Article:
PILOT process regarding government payment from taxes passes House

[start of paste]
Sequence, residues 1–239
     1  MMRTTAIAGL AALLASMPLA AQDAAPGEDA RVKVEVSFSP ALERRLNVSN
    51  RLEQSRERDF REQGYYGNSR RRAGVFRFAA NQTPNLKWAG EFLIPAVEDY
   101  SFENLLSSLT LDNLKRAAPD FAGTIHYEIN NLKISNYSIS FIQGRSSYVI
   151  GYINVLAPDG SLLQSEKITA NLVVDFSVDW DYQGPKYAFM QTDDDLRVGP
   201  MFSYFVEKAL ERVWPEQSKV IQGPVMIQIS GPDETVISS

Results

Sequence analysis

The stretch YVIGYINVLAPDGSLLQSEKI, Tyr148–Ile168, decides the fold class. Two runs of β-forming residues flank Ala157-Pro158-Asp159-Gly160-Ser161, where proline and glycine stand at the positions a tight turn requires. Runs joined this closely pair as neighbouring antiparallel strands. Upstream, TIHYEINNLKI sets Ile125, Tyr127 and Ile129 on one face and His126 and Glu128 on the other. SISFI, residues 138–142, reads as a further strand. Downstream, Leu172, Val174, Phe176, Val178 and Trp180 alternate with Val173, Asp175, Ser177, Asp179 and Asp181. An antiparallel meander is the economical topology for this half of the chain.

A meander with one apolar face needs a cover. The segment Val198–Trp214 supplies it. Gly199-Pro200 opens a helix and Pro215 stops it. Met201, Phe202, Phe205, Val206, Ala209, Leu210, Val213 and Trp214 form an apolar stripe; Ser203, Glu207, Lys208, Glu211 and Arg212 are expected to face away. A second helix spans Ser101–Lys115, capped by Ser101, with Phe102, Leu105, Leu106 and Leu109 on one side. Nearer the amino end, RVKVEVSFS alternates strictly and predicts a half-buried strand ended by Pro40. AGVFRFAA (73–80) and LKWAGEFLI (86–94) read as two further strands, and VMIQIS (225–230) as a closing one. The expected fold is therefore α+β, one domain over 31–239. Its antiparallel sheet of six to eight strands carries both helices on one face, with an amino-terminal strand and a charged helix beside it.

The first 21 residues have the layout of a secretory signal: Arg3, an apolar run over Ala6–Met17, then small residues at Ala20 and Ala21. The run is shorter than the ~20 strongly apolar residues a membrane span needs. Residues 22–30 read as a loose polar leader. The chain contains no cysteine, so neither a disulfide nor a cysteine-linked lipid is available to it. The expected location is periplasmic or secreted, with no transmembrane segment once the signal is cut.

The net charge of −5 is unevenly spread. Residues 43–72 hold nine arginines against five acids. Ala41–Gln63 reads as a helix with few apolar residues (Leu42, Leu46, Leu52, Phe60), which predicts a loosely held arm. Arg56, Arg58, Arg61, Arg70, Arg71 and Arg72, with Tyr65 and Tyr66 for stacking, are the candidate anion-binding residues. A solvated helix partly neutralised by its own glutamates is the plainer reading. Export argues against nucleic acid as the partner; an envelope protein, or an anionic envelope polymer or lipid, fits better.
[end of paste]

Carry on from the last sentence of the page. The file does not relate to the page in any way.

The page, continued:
<p class="p1">BATON ROUGE — The House approved a proposed constitutional amendment Tuesday that would permit local governments to seek payments in lieu of taxes from manufacturers eligible for the state 10-year industrial tax exemptions.</p><p class="p1">Cameron Parish taxing agencies lost court battles that would have allowed Cameron LNG to pay a fixed amount now instead of taxes at the end of its exemption. The amendment, if approved by voters in October, would legalize the PILOT process.</p><p class="p1">The vote that sent the bill to the Senate was approved 75-20, five more than the 70 required.</p><p class="p1">Reps. Mark Abraham, R-Lake Charles; Mike Danahay, D-Sulphur; Stephen Dwight, R-Moss Bluff; A.B. Franklin, D-Lake Charles; Johnny Guinn, R-Jennings; Bob Hensgens, R-Abbeville; and Frank Howard, R-Many, voted for the bill.</p><p class="p1">Reps. James Armes, D-Leesville, and Dorothy Sue Hill, D-Dry Creek, were opposed.</p><p class="p1">The state Supreme Court declined to review an appeal by supporters of a PILOT tax plan.</p><p class="p1">The application was filed by the Cameron Parish Police Jury, the Cameron Parish Sheriff’s Office and the Cameron Parish School Board. The plan was rejected in Cameron district court and by the 3rd Circuit Court of Appeal prior to the Supreme Court decision.</p><p class="p1">Cameron Parish Administrator Ryan Bourriaque said the plan was to bring money into Cameron’s cash-poor tax bodies sooner rather than later.</p><p class="p1">“The goal of this from day one has been to achieve a sustainable quality of life for the people of Cameron,” he said in January. “If that meant collecting less early, we were OK with that.”</p><p class="p1">The tax assessor, represented by Baton Rouge attorney Brian Eddington, opposed the plan on grounds that it was unconstitutional and taxpayers would pay less than they would after 10 years.</p><p class="p1">Under the Cameron proposal, the parish would begin collecting a fixed amount — $503.5 million over the next 23 years — instead of paying an estimated $1.5 billion in property taxes starting in 2029.</p><p class="p1">Pilot supporters said the legislation would give taxing authorities more freedom to negotiate tax plans with incoming industries.</p><p class="p1">The legislation had the support of the Louisiana Police Jury Association, the Louisiana Municipal Association and economic development groups in the state, including those in Southwest Louisiana.</p>